On Friday afternoon, several of us headed to Western University for an Alumnae Reunion where we hosted a gathering for seventeen grads of St. Clement’s from 2015 to 2018. I relish these times, as they afford us an opportunity to see the girls in their new environment, but also allow us time to learn about the girls’ transition from the School to their higher educational experiences.
Leaving these sorts of events fills me with pride- not only for who our graduates are and have become- but also for their thoughtful perspectives and observations. They know who they are, and, while many of them are working through the ups and downs of university life and what the next steps might be, they are confident, intellectually curious young women.
During one conversation with two graduates of 2017, I was taken with their commentary on their classes and more importantly, on the way they were being taught. I was thrilled to hear their perspective on it. Our graduates commented on their surprise- and disappointment- that in many of their courses, it seems that the focus is on simply learning the information for assessments. They indicated that over their time at SCS, they had learned to understand systems and concepts- beyond facts- and appreciated the importance of thinking critically about information. They were missing this at university.
While this was just one conversation, I have been thinking about their insights ever since.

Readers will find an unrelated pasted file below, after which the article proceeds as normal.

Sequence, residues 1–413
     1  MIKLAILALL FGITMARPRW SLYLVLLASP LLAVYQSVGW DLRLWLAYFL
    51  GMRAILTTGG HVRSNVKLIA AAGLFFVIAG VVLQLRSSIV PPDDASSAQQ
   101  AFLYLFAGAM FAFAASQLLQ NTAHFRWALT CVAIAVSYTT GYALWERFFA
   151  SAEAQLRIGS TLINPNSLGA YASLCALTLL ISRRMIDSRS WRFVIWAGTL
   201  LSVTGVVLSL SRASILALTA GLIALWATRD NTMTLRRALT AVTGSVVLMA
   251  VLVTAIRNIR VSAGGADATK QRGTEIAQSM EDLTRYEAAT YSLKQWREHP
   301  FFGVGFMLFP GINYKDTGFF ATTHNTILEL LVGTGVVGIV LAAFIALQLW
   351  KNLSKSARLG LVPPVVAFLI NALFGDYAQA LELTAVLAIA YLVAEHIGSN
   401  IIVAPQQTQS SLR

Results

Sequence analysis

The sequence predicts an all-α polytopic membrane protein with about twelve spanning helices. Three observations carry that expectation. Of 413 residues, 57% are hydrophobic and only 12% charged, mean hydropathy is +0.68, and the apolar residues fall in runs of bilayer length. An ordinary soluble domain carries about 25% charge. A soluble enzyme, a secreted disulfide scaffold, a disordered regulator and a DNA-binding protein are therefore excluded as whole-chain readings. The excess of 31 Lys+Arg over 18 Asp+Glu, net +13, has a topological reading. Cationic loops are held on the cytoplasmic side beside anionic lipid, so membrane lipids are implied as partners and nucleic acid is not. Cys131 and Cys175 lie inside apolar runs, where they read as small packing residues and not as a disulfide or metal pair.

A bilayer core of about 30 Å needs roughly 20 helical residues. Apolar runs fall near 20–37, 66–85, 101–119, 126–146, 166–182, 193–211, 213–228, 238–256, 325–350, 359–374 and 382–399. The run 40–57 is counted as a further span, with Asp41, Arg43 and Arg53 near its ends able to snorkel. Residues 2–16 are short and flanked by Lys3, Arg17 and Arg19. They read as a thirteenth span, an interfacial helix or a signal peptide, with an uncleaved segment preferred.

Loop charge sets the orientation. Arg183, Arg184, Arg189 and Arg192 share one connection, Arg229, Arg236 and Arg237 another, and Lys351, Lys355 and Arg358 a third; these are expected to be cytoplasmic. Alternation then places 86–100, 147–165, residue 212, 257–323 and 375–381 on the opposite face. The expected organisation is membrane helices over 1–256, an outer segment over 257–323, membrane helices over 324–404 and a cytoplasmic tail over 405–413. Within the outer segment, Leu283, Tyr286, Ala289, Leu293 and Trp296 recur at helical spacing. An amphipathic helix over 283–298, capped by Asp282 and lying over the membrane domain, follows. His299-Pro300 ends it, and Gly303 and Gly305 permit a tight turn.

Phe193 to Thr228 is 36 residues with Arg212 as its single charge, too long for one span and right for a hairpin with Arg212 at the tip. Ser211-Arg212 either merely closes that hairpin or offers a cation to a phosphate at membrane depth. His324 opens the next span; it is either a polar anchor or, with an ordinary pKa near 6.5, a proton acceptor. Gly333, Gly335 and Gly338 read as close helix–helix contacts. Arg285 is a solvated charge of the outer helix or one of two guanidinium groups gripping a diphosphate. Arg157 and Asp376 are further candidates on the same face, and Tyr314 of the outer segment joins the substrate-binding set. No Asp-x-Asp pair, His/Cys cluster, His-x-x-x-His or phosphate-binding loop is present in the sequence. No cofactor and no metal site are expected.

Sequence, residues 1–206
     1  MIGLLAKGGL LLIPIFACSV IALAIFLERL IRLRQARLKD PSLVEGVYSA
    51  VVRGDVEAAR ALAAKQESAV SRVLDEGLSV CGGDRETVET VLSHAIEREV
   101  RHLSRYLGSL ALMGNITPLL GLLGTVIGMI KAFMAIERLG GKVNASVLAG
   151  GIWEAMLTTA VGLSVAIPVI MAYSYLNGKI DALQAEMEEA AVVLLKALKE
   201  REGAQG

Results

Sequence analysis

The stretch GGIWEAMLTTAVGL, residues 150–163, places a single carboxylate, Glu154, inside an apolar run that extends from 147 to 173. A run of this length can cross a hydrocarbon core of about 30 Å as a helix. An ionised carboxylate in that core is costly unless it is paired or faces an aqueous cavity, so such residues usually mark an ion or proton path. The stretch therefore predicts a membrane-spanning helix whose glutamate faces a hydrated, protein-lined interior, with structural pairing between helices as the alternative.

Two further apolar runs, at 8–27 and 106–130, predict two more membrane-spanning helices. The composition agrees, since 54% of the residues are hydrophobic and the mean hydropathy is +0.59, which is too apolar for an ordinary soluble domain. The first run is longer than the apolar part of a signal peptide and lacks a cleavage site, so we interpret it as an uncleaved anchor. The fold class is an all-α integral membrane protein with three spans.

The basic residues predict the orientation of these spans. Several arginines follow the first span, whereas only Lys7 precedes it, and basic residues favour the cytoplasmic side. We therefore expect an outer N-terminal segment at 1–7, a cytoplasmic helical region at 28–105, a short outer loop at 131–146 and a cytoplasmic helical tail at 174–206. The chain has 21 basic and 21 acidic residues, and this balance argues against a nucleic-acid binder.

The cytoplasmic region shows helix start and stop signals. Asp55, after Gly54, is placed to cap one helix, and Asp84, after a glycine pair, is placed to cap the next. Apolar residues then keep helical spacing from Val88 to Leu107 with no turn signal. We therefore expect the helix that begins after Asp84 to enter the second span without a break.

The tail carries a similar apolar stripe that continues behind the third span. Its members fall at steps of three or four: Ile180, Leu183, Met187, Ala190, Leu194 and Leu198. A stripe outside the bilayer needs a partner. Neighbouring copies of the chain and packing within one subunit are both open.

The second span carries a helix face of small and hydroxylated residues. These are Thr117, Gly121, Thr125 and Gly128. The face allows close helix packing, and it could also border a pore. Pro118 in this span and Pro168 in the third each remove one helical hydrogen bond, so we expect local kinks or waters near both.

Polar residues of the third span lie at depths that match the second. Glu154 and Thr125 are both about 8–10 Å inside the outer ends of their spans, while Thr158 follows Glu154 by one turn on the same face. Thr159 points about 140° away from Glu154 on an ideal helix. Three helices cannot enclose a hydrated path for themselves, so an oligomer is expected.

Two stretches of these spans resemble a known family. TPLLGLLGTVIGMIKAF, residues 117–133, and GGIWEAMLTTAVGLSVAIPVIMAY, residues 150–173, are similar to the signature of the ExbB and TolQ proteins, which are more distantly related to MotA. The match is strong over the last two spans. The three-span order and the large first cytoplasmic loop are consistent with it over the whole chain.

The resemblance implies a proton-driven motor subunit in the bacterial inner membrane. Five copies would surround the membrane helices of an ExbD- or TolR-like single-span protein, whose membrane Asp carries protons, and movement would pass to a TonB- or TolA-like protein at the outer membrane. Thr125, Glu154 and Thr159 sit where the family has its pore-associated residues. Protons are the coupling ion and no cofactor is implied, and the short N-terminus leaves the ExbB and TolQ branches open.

It is vital that St. Clement’s is always reflecting on learning and, in particular, on learning how to learn. As a School, we are continually considering what skills our girls must have when they leave us in order to be successful in their future learning, and in life. As we launch our girls into their post-secondary experience of choice, we want to know that this same kind of reflection is happening in higher education. We want to know that our girls continue to experience ongoing and important learning that will prepare them for the future.
I am currently reading a fascinating book entitled Robot-Proof: Higher Education in the Age of Artificial Intelligence by Joseph E. Aoun, President of Northeastern University. While Aoun suggests that higher education must always be evolving, he writes of the impact artificial intelligence is having on society and how higher education must adapt. “Higher education needs a dramatic realignment. Instead of educating college students for jobs that are about to disappear under the rising tide of technology, twenty-first-century universities should liberate them from outdated career models and give them ownership of their own futures…Universities must broaden their reach to become engines for lifelong learning.” Aoun goes on to identify the importance of fostering creativity and flexibility, two skills he suggests are ‘robot-proof.’
The author believes that higher education must focus on ‘humanics’ alongside the rise of robotics. He explains that, in addition to reading, writing and mathematical literacies, students must build three additional literacies: data, technological and human literacy. Equally important, they need a set of cognitive capacities. As Aoun points out, this set of cognitive capacities “is not a set of content areas…These are higher order mental skills…mindsets and ways of thinking about the world.” Aoun includes systems thinking, entrepreneurship and cultural agility.
To me this focus on cognitive capacities is exciting and I hope that higher education heeds Aoun’s perspective. In the meantime, however, I am proud of our School’s work in preparing our girls and confident that they are ready for the changes ahead.